STROKE MEDICATION AND STROKE NURSING DIAGNOSIS
"Stroke Medication And Stroke Nursing Diagnosis"
STROKE SYMPTOMS (CLINICAL MANIFESTATIONS)
- It depends on the affected artery
- Hemiplegia/paralysis Sensory defect e.g. loss of tactile and auditory stimuli
- Aphasia ; speech defect
- Homonuymous hemianopia
- Unilateral neglect of paralyzed side
- Bladder impairment (urinary incontinence)
- Respiratory impairment (possible)
- Cranial nerve impairment
- Dysphagia, impaired tongue movement
- Dyslexia (reading problem)
- Dysgraphia (inability to write)
- Slurred speech
- Increased intracranial pressure
Stroke Nursing Diagnosis/Diagnostic Evaluation
- MRI to evaluate lesion location and size
- EEG will detect reduced electrical activity in area of infaction
- Cerebral Angiography details disruption or displacement of the cerebral circulation by occlusion or haemorrhage
- Carotoid angiograpy reveals a narrowing of the carotoid artery
- Cerebral blood flow studies measure blood flow to the brain and help detect abnormalities
- Lumber puncture
Medical management for CVA commonly includes physical rehabilitation dietary and drug regimen to help reduce the risk factors and measures to help the patient adopt to specific deficits, such as speech impairment and paralysis.
"Stroke Medication And Stroke Nursing Diagnosis"
Stroke Medication - Pharmacotherapy (Drugs)
- Anticonvulsant e.g. Phenobarbital too treat seizure or spasm
- Calcium channel blocks to reduce blood pressure and prevent cerebral vaso-spasm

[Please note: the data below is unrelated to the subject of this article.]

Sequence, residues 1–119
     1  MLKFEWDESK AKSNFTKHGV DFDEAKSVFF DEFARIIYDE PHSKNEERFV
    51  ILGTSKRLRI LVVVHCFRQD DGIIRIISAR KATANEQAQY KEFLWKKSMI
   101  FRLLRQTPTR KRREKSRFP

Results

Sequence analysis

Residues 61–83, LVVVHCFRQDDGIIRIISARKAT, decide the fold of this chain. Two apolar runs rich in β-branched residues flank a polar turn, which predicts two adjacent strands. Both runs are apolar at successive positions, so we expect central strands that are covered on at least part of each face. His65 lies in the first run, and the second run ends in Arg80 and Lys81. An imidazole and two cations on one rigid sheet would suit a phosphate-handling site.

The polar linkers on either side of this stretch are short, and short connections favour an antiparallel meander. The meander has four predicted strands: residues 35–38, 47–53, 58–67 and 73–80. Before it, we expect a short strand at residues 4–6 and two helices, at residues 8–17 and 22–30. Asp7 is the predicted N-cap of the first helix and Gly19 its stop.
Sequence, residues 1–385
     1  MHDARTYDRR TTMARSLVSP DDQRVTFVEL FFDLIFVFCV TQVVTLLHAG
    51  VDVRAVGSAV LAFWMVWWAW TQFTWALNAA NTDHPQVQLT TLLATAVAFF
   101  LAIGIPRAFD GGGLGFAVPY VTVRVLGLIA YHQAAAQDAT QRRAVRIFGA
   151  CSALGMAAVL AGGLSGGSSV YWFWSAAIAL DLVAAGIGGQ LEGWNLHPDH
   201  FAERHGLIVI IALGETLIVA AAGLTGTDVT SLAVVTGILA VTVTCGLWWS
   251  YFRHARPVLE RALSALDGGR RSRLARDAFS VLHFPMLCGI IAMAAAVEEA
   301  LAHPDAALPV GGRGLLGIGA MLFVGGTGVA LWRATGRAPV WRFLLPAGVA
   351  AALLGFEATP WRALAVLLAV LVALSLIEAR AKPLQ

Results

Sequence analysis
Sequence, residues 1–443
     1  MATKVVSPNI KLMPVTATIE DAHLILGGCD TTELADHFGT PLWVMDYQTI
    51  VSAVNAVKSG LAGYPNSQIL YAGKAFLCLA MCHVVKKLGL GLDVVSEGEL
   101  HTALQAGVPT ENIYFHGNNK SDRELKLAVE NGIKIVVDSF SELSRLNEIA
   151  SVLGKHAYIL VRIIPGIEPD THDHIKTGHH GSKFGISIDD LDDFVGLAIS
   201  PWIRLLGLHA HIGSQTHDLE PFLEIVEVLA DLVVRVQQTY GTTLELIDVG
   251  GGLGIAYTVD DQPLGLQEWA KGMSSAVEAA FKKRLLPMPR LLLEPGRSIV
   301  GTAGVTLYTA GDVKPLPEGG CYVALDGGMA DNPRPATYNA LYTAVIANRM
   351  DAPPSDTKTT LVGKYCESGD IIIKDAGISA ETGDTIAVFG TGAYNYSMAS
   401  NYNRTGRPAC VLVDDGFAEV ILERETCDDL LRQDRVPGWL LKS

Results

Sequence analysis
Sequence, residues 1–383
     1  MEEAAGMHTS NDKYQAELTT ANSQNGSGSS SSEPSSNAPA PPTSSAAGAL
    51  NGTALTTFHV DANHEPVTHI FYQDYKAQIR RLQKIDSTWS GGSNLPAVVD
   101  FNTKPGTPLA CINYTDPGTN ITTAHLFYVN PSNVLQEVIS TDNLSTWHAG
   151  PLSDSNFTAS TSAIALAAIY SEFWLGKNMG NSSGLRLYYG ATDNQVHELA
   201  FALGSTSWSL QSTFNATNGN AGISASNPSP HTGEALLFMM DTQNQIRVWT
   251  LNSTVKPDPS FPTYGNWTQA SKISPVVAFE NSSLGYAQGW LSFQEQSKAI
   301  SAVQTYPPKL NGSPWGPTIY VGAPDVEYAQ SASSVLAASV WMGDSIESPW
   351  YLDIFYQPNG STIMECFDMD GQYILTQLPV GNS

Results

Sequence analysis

- Stool softener such as docusate sodium to avoid straining which increases ICP
- Diuretics to reduce cerebral Oedema
- Corticosteroid e.g. dexamethasone to minimize cerebral Oedema
- Aspirin and antihypertensive
- Anticoagulant such as heparin, warfarin to reduce risk of thrombotic stroke
Depending on the CVA cause and extent, the patient may also undergo surgery. A craniotomy may be done to remove an hematoma, atherosclerotic plague from the inner arterial wall
Stroke Preventive Mediation (Stroke Medication)
It is important that everyone understands the risk factors of stroke, follow professional medical recommendations and adopt a healthy lifestyle in order to prevent stroke. The following measures will help prevent stroke or TIA. Stroke prevention strategies are almost the same strategies to prevent heart diseases, these healthy lifestyle recommendations includes
- Controlling high blood pressure (hypertension): It is one of the important things a person has to do to reduce chances of having stroke. Regular exercise, managing stress and maintaining a healthy weight and also reducing sodium(salt) and alcohol intake to keep the blood pressure in check is also recommended.
- Reducing the Cholesterol and saturated fat levels in diet: less intake of fat and cholesterol most especially saturated fats and trans fat is likely to reduce the plaque in the arteries
- Stopping The use of tobacco: Smoking increases the risk stroke for smokers
- Controlling diabetes through diet, exercise and weight control
- Maintaining a healthy weight: overweight contributes to stroke risk factors such as High BP, cardiovascular disease and diabetes.
- Eating more of fruits and vegetables also eat Mediterranean diet (olive oil, nuts fruits, whole grains, vegetables)
- Regular exercise: jogging, walking, swimming regularly